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Posted on Dec 9, 2017 in Blog, International, Writing

Young People Rally for #NetNeutrality

Young People Rally for #NetNeutrality

Thursday December 7 saw nationwide rallies to protest Federal Communications Commission director Ajit Pai’s promise to end Net Neutrality at the FCC’s monthly meeting on December 14. Most of the rallies, like the one in New York City that I attended along with more than 1,000 other people, took place in front of Verizon offices and stores because, before becoming head of the FCC, Pai worked as a lobbyist for Verizon.

The people I talked to at the New York City rally understood that the FCC would make its decision on behalf of the handful of Internet Service Providers regardless of what we think. And perhaps expecting favors in return for their silence, our former free speech corporate allies — Apple, Alphabet/Google, Netflix, and Facebook — have been noticeably quiet this round. As large players, they can afford to pay for fast lanes and pass the cost to the consumer, and the restriction of access to the “last mile” of broadband will give them advantages over potential new competitors. All of this is a lesson that corporations have no commitment to any principle beyond the almighty dollar — including democracy and freedom of expression. (And if you want additional proof, check out this powerful piece about Facebook’s collaboration with the murderous Duterte regime in the Philippines.)

But there were signs of hope, most notably in the presence of a sizeable contingent of protestors from Stuyvesant High School. They included members of the Stuyvesant Democrats, techies, gamers, and friends of free speech. Like Brooklyn Technical High School, where I taught social studies and English before moving to Wisconsin (and chaperoned a group to the huge disarmament rally in Central Park in 1982), Stuyvesant is an academic-specialized high school, with graduates going on to top colleges. It is also a diverse school, as one can see from the pictures of students carrying the banner and waving their “Don’t Tread on Me” flag. The Gadsden Flag, as it’s also known, was once a symbol of the Tea Party and has now been picked up by the more libertarian elements of the Resistance.

I talked to some of the students who were there. Their concerns ranged from sites being blocked on free speech grounds to the impact of corporate control of the internet on innovation. They will miss access to their favorite music, movies, and games if these services are priced out of their reach. They also expressed concern that ISPs, operating as monopolies or in collusion, will not increase and improve their capacity because they can make more money charging higher prices for the inadequate, poorly maintained internet capacity they have now.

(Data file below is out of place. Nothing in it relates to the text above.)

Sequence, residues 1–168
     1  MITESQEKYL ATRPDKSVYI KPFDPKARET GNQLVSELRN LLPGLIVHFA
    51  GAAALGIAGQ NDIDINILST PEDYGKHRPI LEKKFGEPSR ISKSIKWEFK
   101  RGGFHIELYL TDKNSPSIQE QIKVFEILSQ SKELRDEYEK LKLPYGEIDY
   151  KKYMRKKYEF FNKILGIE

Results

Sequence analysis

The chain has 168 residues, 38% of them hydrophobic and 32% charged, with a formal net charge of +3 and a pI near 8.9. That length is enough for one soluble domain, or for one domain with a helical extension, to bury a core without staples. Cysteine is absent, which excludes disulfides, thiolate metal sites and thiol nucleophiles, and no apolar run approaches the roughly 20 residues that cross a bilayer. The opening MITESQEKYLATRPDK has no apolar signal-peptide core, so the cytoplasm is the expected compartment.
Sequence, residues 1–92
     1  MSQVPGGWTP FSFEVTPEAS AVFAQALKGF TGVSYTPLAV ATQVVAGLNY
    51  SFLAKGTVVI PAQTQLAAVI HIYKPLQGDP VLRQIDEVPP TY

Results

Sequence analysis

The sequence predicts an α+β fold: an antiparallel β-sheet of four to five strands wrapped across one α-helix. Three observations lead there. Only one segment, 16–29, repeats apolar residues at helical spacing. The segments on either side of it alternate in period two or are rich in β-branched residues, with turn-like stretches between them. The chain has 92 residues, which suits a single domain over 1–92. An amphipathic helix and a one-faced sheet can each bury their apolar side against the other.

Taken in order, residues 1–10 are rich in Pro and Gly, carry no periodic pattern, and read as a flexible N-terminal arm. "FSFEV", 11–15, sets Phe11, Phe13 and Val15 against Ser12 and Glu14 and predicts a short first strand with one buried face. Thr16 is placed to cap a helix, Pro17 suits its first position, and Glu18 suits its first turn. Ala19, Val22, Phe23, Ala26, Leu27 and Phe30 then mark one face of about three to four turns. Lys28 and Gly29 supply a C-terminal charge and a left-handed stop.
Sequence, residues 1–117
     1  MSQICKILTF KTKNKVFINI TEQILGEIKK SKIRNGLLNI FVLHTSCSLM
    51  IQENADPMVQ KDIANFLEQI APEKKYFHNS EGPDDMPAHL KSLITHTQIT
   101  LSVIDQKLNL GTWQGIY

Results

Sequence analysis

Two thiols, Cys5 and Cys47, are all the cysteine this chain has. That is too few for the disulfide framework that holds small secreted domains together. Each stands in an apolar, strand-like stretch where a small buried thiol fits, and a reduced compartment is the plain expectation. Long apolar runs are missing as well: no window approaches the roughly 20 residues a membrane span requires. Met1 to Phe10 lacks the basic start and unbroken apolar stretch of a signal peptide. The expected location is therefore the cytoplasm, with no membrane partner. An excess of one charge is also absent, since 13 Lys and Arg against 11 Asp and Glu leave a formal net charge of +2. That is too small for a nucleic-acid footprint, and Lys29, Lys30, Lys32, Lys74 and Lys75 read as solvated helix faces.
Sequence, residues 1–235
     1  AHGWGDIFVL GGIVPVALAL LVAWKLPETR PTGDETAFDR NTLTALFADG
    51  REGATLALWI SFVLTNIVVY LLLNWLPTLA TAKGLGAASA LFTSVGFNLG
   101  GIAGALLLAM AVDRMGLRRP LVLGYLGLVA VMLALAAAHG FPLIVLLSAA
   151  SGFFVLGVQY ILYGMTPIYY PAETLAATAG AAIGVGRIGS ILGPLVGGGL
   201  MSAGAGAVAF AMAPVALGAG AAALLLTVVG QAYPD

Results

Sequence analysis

Seeing and speaking to these young people who have stood up for a free and open internet as fundamental to a democratic, free market society made me think of the teenage characters in my historical work-in-progress. Like these high school students from diverse backgrounds who’ve lived half their lives with an African-American president only to see his liberal-democratic administration succeeded by an authoritarian white nationalist regime, the teens in my novel had a taste of freedom before a crackdown took it all away. Bit by bit, the music they listened to, the books they read, disappeared from stores and became contraband. In the thoughts of 17-year-old Lida, one of my main characters,

How easily you could take away freedom and everything that went along with it. Perhaps if they’d experienced freedom for more than eight months, gotten accustomed to living with it every day for years, they would have fought harder to keep it.

A Stuyvesant H.S. student leads the chant.

Lida imagines that people who’ve grown up with the freedom that she and her friends never enjoyed would understand its value and choose not to live without it. Certainly the Stuyvesant students are fighting for theirs, but it remains to be seen how hard people will fight — or if having freedom for generations have led us to take it for granted. I hope that it doesn’t take losing our freedom on the internet to convince most people — albeit too late — that this is something worth fighting for.


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